After completing the Antoine side, we skied down a narrow, windy and steep trail with barb wire fencing on either side. This trail is called “Goshawk” and in good conditions is one of my favorites. In the ice, it was exciting! We soon passed a barrel of tar, peeled poles soaking in it that would later be used as fence posts. This was an interesting trail side scene. You never know what you might see in this remote, yet mostly well-groomed, nordic park. We later skied by an old piece of logging equipment with a wooden cab.

photo by Kathy Vaughan

     We bottomed-out in a meadow, the sun now shining. The tracks the groomer had set made for fast skiing on this softening trail. We were headed for “Ranger's Run”, a steep Black trail (Most Difficult) in the park's rating system. At the top of the short climb, was a sweet little meadow with distant views of the North Cascades. It was time to stop for a break and I knew just the tree. We stopped at the base of a huge pine. I had stopped here once before on a solo ski, noticing that I could sit on the lowest branch and lean back against the tree while I ate lunch.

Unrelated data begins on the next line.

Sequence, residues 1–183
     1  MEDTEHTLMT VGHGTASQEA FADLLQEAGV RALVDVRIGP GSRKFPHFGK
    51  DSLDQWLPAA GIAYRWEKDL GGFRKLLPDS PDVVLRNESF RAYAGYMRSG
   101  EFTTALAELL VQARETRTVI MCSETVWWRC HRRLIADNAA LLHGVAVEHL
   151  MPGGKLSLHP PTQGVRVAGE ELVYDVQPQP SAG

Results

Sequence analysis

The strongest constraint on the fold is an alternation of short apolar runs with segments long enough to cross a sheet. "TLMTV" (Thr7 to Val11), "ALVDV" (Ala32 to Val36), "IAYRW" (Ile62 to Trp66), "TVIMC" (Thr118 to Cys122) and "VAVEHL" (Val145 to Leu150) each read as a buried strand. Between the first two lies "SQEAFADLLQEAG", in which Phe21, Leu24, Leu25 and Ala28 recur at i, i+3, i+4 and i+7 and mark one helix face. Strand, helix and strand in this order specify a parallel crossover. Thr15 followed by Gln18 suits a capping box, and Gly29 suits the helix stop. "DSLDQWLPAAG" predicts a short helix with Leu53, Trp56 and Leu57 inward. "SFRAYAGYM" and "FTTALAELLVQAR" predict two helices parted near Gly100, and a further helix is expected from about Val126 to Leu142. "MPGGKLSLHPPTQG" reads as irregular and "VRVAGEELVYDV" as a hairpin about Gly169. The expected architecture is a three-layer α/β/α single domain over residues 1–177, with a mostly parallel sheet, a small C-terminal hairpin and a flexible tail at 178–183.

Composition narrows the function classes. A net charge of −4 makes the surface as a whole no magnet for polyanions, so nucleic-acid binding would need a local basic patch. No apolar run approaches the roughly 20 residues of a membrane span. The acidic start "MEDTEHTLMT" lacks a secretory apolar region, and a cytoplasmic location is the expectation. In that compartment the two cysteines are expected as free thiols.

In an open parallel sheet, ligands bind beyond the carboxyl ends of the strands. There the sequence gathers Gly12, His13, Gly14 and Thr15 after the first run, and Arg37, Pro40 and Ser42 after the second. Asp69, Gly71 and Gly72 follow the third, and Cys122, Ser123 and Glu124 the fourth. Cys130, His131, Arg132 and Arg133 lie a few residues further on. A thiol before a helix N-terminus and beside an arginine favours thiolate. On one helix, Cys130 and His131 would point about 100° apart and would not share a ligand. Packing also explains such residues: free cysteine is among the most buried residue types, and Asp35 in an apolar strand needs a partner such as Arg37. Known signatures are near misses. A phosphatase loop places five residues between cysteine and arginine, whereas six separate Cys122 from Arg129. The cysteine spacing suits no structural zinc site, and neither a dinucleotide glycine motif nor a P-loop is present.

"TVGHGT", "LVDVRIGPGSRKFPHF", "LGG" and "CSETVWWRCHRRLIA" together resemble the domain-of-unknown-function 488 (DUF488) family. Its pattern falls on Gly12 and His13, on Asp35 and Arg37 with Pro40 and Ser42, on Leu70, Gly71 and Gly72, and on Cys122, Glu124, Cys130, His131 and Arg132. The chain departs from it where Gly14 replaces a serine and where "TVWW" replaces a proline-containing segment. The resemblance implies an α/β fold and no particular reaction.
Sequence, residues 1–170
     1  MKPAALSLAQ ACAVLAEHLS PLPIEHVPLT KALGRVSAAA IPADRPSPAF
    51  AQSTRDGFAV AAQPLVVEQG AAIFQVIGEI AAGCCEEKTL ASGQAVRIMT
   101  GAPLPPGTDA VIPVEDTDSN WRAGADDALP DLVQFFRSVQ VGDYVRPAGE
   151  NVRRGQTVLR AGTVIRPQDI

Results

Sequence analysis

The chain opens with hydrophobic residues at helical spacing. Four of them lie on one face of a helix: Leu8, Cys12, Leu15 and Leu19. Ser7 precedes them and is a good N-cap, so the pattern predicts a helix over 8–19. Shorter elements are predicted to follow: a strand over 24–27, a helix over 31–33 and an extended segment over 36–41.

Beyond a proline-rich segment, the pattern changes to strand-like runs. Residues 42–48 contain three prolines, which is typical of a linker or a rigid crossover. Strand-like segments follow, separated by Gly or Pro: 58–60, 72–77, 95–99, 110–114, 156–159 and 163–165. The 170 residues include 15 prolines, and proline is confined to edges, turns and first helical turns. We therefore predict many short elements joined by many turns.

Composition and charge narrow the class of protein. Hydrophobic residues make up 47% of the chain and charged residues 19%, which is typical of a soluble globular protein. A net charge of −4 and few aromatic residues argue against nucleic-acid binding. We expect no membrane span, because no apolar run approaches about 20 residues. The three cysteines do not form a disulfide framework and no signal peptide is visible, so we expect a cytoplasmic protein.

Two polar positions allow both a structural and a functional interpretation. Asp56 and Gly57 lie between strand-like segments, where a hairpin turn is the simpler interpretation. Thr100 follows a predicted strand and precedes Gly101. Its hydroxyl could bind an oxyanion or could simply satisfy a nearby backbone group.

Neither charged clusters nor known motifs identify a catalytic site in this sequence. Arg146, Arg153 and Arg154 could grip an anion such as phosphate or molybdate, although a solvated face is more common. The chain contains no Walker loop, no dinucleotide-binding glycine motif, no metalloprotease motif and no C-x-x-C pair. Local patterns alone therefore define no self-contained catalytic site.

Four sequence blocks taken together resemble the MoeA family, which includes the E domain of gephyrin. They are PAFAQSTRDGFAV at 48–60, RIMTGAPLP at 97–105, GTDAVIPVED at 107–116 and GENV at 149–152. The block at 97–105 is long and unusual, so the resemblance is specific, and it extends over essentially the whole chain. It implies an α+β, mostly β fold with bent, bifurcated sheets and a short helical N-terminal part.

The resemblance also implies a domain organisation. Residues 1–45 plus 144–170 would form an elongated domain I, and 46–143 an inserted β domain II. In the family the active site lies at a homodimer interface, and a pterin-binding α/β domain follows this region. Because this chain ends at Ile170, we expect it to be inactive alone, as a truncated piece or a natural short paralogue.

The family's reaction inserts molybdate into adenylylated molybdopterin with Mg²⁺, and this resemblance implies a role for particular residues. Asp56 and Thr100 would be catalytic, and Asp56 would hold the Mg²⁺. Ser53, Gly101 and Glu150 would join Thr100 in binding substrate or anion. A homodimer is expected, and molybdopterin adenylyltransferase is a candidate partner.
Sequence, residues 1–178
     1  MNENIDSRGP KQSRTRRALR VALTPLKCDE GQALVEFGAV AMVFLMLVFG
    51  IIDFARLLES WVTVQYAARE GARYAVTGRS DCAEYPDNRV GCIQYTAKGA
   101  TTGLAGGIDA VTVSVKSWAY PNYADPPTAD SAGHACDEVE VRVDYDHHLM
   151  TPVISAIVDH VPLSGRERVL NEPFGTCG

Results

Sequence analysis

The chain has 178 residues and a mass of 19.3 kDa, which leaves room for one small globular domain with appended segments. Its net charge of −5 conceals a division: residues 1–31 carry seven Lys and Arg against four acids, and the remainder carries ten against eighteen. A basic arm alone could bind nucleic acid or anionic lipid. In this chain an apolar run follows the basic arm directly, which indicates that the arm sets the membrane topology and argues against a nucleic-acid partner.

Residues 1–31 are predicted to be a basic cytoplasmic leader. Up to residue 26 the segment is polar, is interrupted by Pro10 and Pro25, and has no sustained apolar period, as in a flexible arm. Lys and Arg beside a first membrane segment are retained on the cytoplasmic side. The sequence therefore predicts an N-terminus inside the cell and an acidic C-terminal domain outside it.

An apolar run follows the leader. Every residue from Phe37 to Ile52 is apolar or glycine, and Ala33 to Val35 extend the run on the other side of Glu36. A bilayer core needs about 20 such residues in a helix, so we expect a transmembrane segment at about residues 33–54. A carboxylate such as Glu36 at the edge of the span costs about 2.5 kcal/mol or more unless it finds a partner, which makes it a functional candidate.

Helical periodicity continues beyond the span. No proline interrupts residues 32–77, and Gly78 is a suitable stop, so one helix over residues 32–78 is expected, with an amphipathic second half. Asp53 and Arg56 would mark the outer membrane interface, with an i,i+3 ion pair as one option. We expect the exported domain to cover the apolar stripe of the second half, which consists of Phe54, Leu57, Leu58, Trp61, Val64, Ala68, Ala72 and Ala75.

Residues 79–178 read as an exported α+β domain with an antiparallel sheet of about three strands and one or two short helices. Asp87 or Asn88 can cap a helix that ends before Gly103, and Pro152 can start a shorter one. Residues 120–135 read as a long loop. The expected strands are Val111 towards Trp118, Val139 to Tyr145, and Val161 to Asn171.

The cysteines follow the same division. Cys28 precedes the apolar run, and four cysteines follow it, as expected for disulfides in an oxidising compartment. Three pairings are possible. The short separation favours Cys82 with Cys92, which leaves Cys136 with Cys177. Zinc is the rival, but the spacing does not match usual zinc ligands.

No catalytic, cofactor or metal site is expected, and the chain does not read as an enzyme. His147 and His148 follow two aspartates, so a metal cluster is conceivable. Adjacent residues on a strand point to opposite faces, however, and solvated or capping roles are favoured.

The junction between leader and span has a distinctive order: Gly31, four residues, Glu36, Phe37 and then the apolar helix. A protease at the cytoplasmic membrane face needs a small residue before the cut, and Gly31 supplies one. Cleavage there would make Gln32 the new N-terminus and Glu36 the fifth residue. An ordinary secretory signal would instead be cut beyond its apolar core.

photo by Kathy Vaughan
Lisa studying the map for the Whitetail side.

     This time of winter, the snow begins to melt out from underneath trees and large rocks. These are nice places to rest for a minute, or make any adjustments. I love these spots. After months of being surrounded by a deep blanket of snow, it evokes all the feelings that come with early spring to see the earth, dried grasses and bare rock now showing.

     After leaving the tree, we had only the drop from the meadow on icy trail under trees (which usually means lots of debris & small ice chunks) and a short hill to climb to reach our cars. Careful skiing got us down just fine.

photo by Kathy Vaughan